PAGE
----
Men who have never outgrown the lure of the "Big Top" express their fascination in unusual pastimes. by A. Morton Smith PICTURE if you can, a noted architect turning somersaults on the roof of a Chicago skyscraper, a Hartford optometrist proudly exhibiting a collection of elephant tail hairs, a Houston financier fighting a ferocious lion on the front lawn of his home, or a San Antonio lawyer pursuing an elusive top hat halfway across the continent.
Telegraph Office Moves To Emergency By Trailer TRAILER telegraph offices that can be rushed to the scene of major news events for use by newspapermen and the general public have been developed by the Western Union Telegraph Co. The mobile offices can operate at any point where wire facilities are, or can be made available. […]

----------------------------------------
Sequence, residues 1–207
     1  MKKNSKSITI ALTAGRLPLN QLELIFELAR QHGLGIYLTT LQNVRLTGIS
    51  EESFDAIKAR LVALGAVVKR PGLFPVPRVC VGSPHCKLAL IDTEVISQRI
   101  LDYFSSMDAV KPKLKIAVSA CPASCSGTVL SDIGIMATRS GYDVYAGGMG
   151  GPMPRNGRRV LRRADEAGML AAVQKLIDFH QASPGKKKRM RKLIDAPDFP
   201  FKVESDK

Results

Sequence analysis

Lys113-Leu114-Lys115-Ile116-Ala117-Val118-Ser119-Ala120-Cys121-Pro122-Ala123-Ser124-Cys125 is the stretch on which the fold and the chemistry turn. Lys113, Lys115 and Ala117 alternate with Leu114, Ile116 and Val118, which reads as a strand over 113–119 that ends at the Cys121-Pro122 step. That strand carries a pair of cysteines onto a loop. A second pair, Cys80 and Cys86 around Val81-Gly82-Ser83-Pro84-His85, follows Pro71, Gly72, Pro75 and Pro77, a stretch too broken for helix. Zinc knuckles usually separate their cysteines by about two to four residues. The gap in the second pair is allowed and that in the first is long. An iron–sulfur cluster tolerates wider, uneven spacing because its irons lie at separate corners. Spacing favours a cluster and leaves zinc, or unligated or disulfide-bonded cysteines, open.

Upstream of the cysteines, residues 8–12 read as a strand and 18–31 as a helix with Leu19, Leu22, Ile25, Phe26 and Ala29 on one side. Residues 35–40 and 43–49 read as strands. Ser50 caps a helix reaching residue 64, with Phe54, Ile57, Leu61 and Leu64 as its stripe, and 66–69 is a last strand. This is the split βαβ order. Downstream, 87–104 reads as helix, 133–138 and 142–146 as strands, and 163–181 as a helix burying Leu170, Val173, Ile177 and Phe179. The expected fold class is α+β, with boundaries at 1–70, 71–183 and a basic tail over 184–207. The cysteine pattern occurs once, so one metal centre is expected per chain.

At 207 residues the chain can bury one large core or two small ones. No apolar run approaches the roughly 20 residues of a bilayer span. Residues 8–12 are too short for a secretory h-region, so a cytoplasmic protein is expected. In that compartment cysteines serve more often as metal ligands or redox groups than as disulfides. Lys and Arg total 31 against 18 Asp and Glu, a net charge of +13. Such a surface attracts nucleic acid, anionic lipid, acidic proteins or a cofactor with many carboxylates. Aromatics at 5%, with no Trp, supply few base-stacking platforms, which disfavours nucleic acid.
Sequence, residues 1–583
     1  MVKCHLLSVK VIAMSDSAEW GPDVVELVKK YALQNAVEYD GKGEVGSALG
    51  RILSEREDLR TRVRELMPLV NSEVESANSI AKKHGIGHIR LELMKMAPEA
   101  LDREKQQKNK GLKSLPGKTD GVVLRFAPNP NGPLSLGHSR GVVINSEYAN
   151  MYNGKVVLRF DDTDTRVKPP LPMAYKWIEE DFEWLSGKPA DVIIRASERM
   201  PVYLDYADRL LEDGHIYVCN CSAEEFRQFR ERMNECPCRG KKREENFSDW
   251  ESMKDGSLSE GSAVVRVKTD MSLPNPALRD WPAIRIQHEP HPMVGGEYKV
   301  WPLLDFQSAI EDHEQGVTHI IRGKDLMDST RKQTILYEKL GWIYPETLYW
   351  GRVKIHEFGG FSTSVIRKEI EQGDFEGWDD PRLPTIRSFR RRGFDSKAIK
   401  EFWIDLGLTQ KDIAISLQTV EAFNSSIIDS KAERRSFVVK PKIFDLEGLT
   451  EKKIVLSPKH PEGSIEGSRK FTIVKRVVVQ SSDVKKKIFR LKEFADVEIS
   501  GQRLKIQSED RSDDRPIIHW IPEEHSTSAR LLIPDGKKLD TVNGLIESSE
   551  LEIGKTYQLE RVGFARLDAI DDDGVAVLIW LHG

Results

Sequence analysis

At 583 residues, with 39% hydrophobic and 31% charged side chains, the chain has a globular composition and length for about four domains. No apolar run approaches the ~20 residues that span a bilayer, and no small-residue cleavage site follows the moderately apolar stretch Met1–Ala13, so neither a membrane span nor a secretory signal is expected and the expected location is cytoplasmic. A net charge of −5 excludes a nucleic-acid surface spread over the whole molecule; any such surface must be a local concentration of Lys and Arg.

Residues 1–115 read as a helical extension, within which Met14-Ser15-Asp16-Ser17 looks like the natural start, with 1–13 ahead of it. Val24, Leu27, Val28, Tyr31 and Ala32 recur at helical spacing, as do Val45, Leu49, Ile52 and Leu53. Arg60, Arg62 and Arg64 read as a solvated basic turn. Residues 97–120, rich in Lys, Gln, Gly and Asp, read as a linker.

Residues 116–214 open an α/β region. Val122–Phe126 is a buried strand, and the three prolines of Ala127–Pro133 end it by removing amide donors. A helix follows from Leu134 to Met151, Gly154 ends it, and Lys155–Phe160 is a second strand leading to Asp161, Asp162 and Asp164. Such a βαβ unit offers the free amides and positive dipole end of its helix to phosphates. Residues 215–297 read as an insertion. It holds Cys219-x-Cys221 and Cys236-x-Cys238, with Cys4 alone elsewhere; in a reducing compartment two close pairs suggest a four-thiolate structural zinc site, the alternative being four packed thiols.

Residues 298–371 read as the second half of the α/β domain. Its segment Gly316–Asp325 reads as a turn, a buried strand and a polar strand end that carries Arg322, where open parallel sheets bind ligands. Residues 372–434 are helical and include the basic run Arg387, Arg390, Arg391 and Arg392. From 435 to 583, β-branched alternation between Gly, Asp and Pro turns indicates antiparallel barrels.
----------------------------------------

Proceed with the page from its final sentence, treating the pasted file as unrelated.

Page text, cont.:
Holder Protects Toothbrush HOUSING four toothbrushes, this sanitary holder carefully guards the brushes during the time they are idle each day. The brushes are inserted through a flexible slot in the rubber bottom which closes tightly about the handle. Each brush has its own dustless, ventilated compartment where it becomes dry. While in the guard, […]
by Robert W. Gordon A new highway lures the autoist "abroad," to the land of bull fights and senoritas. MEXICO'S horizons, pierced with cloud-clustered peaks, today offer a new lure to the romantic motorist. That once almost inaccessible land of bull fights, quaint and colorful villages, ancient Indian ruins and winter bathing in crystal seas is now easy to reach by auto over the first link of the Pan-American highway from Laredo, Texas, to Mexico City.